Another note here: the original recipe claimed it would serve two, and I knew I wanted to have this along with some green veg for dinner, so I halved it, expecting to end up with two appropriately sized side-dish portions. I ended up with twice that much, which tells me that the original recipe would easily serve four for dinner as a main course. I can’t imagine the appetite that would allow a single person to eat the entirety of the amount I ended up with… it was a LOT of macaroni. Not that I’m complaining, because it meant both J and I got to have an especially yummy lunch today, but it seems like a rather major flaw in the original recipe.
The casseroles were placed on a baking sheet for easy movement, then topped with a mixture of plain dry bread crumbs and dry thyme, as I was lacking the fresh basil that the recipe called for and was frankly too lazy to process my own soft bread crumbs. The baking sheet was slid into a 400 degree oven to bake for approximately 20 minutes (adjusted from the original 35-40 mins to account for the much smaller dish size) while we enjoyed a glass of Barefoot Vineyards Cabernet Sauvignon (appropriate, no?) and prepped our green bean/snap pea side dish.
The smell while these things were cooking was fantastic, and when the oven timer beeped I opened the door to reveal some beautifully golden-brown dishes of deliciously aromatic mac-and cheese. It was all we could do to let them rest and cool down for 5 minutes while we finished the veg accompaniment.
Now, while I can imagine that the original, unaltered recipe would be delicious (because I absolutely love gruyere, and everyone knows that bacon makes everything better), this was the most satisfying mac and cheese I’ve made in awhile. The flavor was very well balanced between the sweet sundried tomatoes and onions, earthy mushrooms, and salty/tangy cheese, and texturely it was perfect, crispy topping hiding a smooth, creamy interior. J expressed that he would have liked a more pronounced blue cheese flavor, which undoubtedly would have come through had I kept to the original cheese proportions, and unfortunately I think the identity of the prima donna was lost aong the other flavors, but the cheesiness as a whole was delightfully sharp and well-rounded. Grown-up mac and cheese, indeed! I can’t imagine many kids who would appreciate this dish for what it was.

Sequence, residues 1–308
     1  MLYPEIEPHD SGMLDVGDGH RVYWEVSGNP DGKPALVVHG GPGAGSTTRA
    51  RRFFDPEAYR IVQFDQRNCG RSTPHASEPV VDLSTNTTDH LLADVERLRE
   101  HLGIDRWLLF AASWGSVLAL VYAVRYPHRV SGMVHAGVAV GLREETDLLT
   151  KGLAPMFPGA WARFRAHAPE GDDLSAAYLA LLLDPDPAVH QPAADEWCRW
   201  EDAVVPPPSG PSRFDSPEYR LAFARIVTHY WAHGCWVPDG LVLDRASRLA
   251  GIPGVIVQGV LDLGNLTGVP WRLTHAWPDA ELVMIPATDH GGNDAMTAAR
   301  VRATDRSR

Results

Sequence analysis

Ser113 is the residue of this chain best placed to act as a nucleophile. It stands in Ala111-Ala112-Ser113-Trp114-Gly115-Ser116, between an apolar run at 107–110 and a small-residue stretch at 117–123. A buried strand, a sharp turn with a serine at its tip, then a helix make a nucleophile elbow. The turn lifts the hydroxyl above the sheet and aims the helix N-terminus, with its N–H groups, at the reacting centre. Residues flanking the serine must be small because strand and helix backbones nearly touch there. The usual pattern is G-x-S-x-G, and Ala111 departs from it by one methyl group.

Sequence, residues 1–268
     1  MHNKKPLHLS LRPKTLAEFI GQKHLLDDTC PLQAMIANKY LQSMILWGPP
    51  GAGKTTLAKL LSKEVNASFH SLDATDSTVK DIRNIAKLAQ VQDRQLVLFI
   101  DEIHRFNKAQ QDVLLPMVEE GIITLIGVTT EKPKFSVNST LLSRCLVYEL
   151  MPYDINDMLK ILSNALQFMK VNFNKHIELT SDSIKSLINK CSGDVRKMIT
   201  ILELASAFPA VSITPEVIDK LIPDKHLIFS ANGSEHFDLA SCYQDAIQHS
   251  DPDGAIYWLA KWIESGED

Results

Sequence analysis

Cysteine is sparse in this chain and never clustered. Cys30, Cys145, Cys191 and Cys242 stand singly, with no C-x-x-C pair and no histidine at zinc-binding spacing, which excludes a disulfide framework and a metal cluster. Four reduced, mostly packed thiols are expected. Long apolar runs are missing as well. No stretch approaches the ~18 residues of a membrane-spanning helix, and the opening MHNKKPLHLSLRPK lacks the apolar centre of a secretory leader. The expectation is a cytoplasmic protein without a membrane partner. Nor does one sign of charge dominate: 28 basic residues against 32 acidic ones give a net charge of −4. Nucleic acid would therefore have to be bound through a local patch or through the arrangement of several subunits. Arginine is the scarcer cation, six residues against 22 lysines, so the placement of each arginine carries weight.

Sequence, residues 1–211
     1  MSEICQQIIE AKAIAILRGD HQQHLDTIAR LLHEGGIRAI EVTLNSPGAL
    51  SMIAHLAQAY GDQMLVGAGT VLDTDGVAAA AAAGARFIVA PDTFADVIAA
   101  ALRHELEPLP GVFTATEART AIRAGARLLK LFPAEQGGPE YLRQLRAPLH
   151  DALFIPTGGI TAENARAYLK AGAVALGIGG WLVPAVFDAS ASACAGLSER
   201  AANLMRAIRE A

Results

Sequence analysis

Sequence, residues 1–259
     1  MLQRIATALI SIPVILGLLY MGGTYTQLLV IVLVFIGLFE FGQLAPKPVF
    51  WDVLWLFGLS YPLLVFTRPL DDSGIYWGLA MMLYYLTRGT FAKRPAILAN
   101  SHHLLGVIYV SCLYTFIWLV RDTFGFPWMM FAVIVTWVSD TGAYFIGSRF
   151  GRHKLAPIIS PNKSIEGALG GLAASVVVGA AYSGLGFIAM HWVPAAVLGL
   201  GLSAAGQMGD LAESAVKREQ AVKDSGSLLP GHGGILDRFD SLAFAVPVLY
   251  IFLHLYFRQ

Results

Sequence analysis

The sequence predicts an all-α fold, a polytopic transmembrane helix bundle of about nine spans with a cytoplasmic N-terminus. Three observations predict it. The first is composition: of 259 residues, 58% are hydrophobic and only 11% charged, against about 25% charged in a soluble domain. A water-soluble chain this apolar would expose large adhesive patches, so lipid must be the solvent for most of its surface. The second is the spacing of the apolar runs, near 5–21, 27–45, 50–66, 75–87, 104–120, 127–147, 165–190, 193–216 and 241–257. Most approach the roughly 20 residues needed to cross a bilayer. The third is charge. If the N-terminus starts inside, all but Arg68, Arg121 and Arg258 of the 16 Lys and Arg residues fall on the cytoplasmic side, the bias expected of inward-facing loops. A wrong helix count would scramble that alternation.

Thank goodness I’m a grown-up.
Would I make this again? Absolutely. But then, as I said, this wasn’t all that different from my standard mac and cheese technique, which I have always loved. I just wish I could allow myself to make it more often, because this really was the epitome of comfort food to me.
I definitely recommend the vegetarian substitutions I made here though – even an adamant meat-eater like J didn’t miss the bacon in this, though we both agreed that the addition of any pork product would just about throw this dish into the stratosphere.
I would like to try a similar dish with almost entirely prima donna – we made a fondue with it once and it was out of this world, so I can’t imagine what it would be like as the sole cheese in mac and cheese – and would also like to experiment with other add-ins (chicken and peas perhaps? Or maybe sausage and peppers, especially if some parmesan and shredded mozzarella got added to the recipe). Or on a slightly weirder vein, I’ve got some fresh pumpernickel bread crumbs that I think would make a lovely mac and cheese topping… imagine the cheese sauce made with sharp cheddar and beer and mixed with some diced kielbasa and drained sauerkraut. I love German-inspired food, and this simply must be tried.
But that’s the beauty of a dish like this – infinite possibilities for variation, and infinite ways to adjust the recipe to suit your tastes. Really, its not so much a recipe as a technique, and once you learn that technique, you could do almost anything.
I love that kind of recipe.
Next up for the Barefoot Bloggers: Cream of Wild Mushroom Soup!